LIVERPOOL produced attacking excellence and then sheer defensive defiance to claim what could be a priceless Champions League victory.
Arzu pulled one back early in the second period and from then on it was a backs against the wall display which proved enough to give Liverpool the critical start they needed as they began the defence of their title in earnest.
Crucially in the intense heat, Liverpool started with several players who knew all about the conditions; Djimi Traore and Josemi were the full backs, Mohamed Sissoko - at Valencia last term - took Gerrard's midfield role and Xabi Alonso returned while French youngster Florent Sinama-Pongolle played alongside Peter Crouch up front.
icwales.icnetwork.co.uk /0600soccer/0200news/tm_objectid=16127202&method=full&siteid=50082&headline=early-blitz-puts-liverpool-on-road-to-victory-name_page.html   (681 words)

 HMS Conway   (Site not responding. Last check: 2007-10-10)
The Liverpool shipping company of Jones, Palmer & Co and others had, at the opening of the school, announced that two or three years on the Conway would be accepted by them as the equivalent of one year at sea, reducing their apprenticeship time.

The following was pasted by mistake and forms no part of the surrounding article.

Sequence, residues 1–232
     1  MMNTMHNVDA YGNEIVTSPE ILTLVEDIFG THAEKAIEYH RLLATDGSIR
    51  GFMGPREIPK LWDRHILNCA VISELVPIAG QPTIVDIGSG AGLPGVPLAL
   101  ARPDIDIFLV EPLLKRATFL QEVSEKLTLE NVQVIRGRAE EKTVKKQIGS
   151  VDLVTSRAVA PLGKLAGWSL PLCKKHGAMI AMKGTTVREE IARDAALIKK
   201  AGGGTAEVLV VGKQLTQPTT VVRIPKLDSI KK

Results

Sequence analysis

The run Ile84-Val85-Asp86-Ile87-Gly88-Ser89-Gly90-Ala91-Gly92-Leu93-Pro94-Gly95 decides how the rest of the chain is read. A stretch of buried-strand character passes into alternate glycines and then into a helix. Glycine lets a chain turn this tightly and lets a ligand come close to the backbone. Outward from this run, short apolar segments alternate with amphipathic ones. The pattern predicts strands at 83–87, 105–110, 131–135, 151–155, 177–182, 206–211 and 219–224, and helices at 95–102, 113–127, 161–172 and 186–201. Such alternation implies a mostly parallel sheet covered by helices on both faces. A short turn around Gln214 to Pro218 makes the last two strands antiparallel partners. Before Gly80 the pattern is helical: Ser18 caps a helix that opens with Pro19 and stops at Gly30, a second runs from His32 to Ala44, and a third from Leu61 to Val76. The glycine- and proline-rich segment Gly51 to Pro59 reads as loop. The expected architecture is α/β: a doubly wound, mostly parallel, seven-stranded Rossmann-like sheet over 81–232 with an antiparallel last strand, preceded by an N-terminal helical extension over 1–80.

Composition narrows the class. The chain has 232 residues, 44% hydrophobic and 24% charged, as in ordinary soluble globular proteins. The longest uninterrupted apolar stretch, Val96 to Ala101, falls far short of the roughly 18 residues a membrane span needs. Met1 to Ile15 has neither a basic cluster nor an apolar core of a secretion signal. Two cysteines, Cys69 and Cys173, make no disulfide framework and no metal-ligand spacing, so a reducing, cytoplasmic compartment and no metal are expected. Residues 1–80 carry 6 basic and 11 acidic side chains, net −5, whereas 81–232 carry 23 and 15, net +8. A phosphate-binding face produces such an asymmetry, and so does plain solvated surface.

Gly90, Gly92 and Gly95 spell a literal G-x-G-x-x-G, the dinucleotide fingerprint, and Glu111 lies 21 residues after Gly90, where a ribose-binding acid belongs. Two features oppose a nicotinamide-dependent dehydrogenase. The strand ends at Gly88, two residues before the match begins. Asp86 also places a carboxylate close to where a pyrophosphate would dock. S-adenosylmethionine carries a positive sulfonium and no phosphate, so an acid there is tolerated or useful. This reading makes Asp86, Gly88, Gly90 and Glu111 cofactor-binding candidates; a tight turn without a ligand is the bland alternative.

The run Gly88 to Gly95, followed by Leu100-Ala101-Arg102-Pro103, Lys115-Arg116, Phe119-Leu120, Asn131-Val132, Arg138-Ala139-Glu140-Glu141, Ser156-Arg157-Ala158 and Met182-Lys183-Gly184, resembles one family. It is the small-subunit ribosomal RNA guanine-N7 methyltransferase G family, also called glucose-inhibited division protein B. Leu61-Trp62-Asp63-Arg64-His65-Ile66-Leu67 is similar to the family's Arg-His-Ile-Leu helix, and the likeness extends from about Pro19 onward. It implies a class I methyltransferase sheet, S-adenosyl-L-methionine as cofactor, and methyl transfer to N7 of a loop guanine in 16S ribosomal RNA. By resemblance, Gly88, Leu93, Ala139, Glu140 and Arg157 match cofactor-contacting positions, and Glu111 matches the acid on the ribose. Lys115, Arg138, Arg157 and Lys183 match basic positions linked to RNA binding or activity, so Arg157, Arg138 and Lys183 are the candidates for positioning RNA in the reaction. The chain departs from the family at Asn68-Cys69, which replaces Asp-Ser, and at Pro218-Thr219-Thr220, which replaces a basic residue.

HM the King whilst visiting Liverpool went aboard the Mauretania (the wood paneling from her first class dining room is in a wine bar at the foot of Park Street in Bristol).
Alongside Liverpool Pierhead Landing Stage for the masting of the new figurehead by John Masefield OM the Poet Laureate.
www.hmsconway.org /history_mersey.html   (2409 words)

 : Downtown Liverpool Organisation: Archive June 04   (Site not responding. Last check: 2007-10-10)
This photograph of a street in downtown Liverpool is a small reminder of the legacy of this city's inestimable contribution to the Allied victory almost 60 years ago.
During the May Blitz Liverpool was the most heavily bombed city outside of London suffering over 4000 civilian casualties, the devastation of wide areas of the city centre and the destruction of 11 000 homes.
The extent of Liverpool's damage in the war is not widely known in the UK.
www.downtownliverpool.org /archive/archive_jun04.htm   (1320 words)

 : Downtown Liverpool Organisation: Archive October 2004   (Site not responding. Last check: 2007-10-10)
Liverpool has hardly any ‘Grade A’ office space to meet demands (of 1.5 m sq ft) but also, and quite worryingly, the public sector account for 35% of demand for other space downtown.
Issues we raised when Liverpool City Council was considering the pilot included the lack of proprietors of either the business or premises in Church Street, an area charcterised by big retail multiples and little mixed-use, that are city based concerns.